By FARRAH JOHNSON
Tribune Staff Reporter
THE Court of Appeal recently quashed a man’s 35-year murder sentence after he appealed his conviction on the grounds his verdict was unsafe since he did not receive a fair trial.
Devon King was convicted of murder on June 12, 2016 and sentenced to 35 years in prison a little over a year later on October 27, 2017. King was accused of killing Canill Darville, a man who was shot several times by a gunman wearing a face covering, while he sat outside of his residence on April 14, 2016. According to a Court of Appeal judgment, when police arrived on the scene a short time later, Mr Darville told them that “Devon from upstairs shot me, officer”. Mr Darville later died. King on the other hand, was arrested, charged and convicted of his murder.
On May 5, the appellant appealed his sentence on the grounds the trial judge erred when he failed to tell the jury that they should have rejected the evidence of the “purported dying declaration,” since there was no facts to suggest Mr Darville saw who shot him. King further argued the verdict was “unreasonable” and could not be supported “having regard to the evidence”.
On Wednesday, Justices Jon Isaacs, Roy Jones and Milton Evans quashed King’s conviction after concluding the judge’s direction “overstated” the Crown’s case against King, which led the jury to conclude that the “purported identification” of the appellant was accurate.
According to the judgment, Mr Darville’s brother, Trugillo, along with his mother and niece were at the residence at the time he was shot. His brother was behind him that night and had seen the shooter before he was forced to retreat into the house when the gunman began firing in his direction. At the time, Trugillo described the shooter as “kind of bright with a shirt tied around his head”. During the trial, he also testified that the shooter ran with a limp, although he was unable to see his face.
“When Trugillo and others ventured out to go by where Canill lay on the ground, Trugillo asked Canill what happened and Canill responded in a faint voice, ‘Devon just shoot me’,” the court documents read.
“Trugillo testified that he thought that Canill was referring to their neighbour, Devon, who lived in one of the units upstairs in their fourplex apartment complex. Telita shared Trugillo’s thoughts. Trugillo, in particular, testified that he had known the intended appellant for about twelve to thirteen years. Around 9.50 pm, Corporal Teniel Sherman arrived on the scene of the shooting. She later testified that upon her arrival, she saw a rasta type male in white shirt and dark trousers with gunshot wounds, along with another male holding a towel to his stomach. She identified herself as a police officer and the wounded man told her, ‘Man, Devon from upstairs shot me, officer.’ She further stated that the man appeared to be in pain.”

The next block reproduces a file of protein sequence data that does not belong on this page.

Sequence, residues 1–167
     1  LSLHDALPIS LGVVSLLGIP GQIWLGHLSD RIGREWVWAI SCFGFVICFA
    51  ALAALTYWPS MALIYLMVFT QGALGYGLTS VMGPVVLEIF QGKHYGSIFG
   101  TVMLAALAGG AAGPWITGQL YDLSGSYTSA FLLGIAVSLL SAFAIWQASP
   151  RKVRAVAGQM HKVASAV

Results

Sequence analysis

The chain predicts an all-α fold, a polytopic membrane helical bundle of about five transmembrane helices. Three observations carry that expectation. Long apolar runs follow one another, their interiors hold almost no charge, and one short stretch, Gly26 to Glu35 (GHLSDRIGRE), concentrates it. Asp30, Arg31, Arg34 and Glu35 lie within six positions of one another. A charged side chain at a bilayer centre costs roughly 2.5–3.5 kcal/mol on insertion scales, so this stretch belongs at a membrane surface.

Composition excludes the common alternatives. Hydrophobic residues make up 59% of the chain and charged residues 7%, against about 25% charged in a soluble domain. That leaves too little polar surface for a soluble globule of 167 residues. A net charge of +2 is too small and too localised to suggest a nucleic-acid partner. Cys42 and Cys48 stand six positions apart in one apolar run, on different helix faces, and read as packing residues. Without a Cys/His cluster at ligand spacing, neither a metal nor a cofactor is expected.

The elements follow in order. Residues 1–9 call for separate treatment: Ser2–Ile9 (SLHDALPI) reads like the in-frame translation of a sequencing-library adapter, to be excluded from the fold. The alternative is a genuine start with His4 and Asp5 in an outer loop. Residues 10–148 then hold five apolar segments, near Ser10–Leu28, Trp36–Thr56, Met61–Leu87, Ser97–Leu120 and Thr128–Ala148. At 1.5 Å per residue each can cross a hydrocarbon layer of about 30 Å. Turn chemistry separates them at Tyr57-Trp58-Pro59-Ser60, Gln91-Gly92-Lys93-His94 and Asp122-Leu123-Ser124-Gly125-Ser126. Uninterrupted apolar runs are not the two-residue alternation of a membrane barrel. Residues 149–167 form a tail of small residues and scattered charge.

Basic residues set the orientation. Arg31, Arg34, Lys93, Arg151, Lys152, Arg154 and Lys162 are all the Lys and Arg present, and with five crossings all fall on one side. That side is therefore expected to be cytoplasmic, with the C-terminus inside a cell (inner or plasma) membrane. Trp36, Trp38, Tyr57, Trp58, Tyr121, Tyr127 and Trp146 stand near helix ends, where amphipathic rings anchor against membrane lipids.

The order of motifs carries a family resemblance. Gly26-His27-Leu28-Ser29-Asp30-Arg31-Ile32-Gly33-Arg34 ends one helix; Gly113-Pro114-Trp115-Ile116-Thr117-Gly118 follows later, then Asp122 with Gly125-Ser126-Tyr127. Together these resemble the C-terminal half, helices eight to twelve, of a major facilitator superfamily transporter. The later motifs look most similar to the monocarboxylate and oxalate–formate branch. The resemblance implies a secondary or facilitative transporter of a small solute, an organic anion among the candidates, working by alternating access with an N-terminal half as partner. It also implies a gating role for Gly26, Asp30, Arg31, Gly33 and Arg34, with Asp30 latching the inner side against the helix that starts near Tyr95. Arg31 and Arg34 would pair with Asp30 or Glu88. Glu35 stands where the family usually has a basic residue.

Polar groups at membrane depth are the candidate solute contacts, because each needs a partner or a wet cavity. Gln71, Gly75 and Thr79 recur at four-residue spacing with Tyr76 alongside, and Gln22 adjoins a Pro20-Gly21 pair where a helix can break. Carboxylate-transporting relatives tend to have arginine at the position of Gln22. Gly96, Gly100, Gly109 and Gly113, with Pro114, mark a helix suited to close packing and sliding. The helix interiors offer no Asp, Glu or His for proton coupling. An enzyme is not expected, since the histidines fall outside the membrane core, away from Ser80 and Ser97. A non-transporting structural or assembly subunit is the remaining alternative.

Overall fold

King was arrested on April 16, 2016. When officers found him that day, he attempted to evade arrest but was unsuccessful. After being detained by Reserve Sergeant 771 Greenslade, King told him: “Yeah, officer, that boy shoot me last week Wednesday. I almost dead.” He was subsequently cautioned and arrested for murder. In an interview with officers the next day, he denied having any involvement in the offence and declined to provide a statement.
That same day, another officer compiled a twelve-man photo line-up which included King’s photograph. The “photo array” was shown to Trugillo, who identified the appellant as the man who shot his brother.
“At the trial, the intended appellant did not give evidence; nor did he call any witnesses on his behalf. However, his case was put to the various witnesses in cross-examination and also could be gleaned from his record of interview, which was not challenged by the defence,” the court documents read. “In his record of interview, he denied committing the offence and he stated that on the day in question he was at his girlfriend’s house and that he left her residence at 8pm to get something to eat from the Kentucky Fried Chicken situated in South Beach. He returned to his girlfriend’s residence at around 8.30pm.”
In his judgment, Justice Issaccs warned judges to be careful when “offering their own interpretation on the evidence”, especially when the facts were “unsupported by the evidence that had been led in the case”.
“I have concluded that this appeal must be allowed due to the failure of the judge to properly direct the jury on the identification evidence and in relation to the dying declaration,” he stated.
“Further, given the poor quality of the identification evidence and the equivocal evidence of Sergeant Greenslade about ‘that boy’, the judge ought to have found that the Crown’s case did not raise a sufficiently strong case to call on the intended appellant to answer and ought to have acceded to the no case to answer application. The appeal is allowed. The conviction is quashed and the sentence set aside. Although I have not heard submissions on the issue of whether the intended appellant ought to be required to undergo a re-trial, I am satisfied that on the state of the Crown’s evidence that there should be no order made for a retrial. In the premises, I direct a judgment and verdict of acquittal to be entered.”